The Warehouse Group [NZX:WHS] is well-known to New Zealanders, with The Warehouse being their answer to Walmart [NYSE:WMT].
The low-cost retailer, ‘where everyone gets a bargain’, was founded by Stephen Tindall in 1982. It has gone on to consolidate into a group of focused retailers — consisting of The Warehouse, Warehouse Stationery, Noel Leeming, Torpedo7, and TheMarket.
Its total market capitalisation is around $800m. The company currently trades on a P/E of around 16.9, with previous projected dividend yields in the range of 5%+ p.a.
Why has the [NZX:WHS] share price risen?
The company today announced financial results for the full year ended 2 August 2020:
- Group sales were $3.2bn, up 3.3% compared to FY19, and up 1.5% on a 52-week.
- Reported Net Profit After Tax attributable to shareholders is $44.5m, down 32%
on last year.
- Reported profit less government wage subsidy showed a $4.3m loss.
- Group online sales were up 55.2%.
- For the lockdown period, there was a $265m (67%) sales reduction on the same time last year.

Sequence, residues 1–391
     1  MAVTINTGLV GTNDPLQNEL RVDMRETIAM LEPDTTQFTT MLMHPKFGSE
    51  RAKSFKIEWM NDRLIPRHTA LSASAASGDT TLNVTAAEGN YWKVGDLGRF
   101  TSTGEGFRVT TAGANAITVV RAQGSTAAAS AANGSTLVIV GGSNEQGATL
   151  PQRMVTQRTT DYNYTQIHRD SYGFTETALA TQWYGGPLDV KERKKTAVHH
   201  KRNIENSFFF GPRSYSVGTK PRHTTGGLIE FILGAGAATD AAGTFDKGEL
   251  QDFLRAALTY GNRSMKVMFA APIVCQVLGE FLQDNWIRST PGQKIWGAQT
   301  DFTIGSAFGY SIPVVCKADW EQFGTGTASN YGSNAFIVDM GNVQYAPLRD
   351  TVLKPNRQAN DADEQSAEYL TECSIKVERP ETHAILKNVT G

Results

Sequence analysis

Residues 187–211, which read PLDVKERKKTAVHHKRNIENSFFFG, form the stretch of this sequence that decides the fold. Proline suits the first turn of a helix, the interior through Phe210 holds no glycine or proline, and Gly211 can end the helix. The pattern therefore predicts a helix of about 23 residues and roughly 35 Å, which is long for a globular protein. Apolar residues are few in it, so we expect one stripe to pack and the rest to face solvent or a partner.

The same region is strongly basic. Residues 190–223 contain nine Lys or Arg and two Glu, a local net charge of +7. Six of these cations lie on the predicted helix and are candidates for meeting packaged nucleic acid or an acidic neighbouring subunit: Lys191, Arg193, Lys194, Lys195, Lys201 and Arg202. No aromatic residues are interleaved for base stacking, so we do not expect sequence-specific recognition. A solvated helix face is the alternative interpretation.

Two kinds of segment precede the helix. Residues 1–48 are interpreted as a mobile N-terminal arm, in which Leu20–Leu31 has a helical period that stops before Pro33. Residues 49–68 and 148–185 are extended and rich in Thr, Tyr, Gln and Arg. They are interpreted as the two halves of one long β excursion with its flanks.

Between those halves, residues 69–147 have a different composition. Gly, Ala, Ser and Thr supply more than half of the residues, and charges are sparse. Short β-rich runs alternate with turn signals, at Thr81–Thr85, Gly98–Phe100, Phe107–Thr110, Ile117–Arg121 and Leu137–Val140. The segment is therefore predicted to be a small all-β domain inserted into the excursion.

- Adjusted Net Profit After Tax of $80.7m, up 9.0% on last year.
- No dividend to be paid for FY20.
Where could [NZX:WHS] go from here?
Today’s price rise seems to be driven by the fact that sales were up, even accounting for the difficult Covid months from March. And the market seems to like this new online focus. The company noted strong growth in online and click-and-collect sales, with online now making up 11%.
Of course, the benefit with online is that you may be able to increase margins since you don’t need so much retail footprint. But while the market is hoping for this, my concern is that once you move into the online space, there are a plethora of competing options.
Part of the benefit that physical stores offer is that you can go in, see what you’re buying — and perhaps pick up another bargain or two on impulse.
For a cash-generative business, it is also disappointing to see the dividend suspended in FY20, and the overall plummet in Net Profit After Tax attributable to shareholders.
The Warehouse Group represents a relatively defensive set of retailers with proven management. But the future outlook could be tough, with increasing competition both at the brick-and-mortar and online levels. Competition from Kmart, potentially Costco, and a plethora of online e-tailers looks set to provide further headwinds as wallets tighten.
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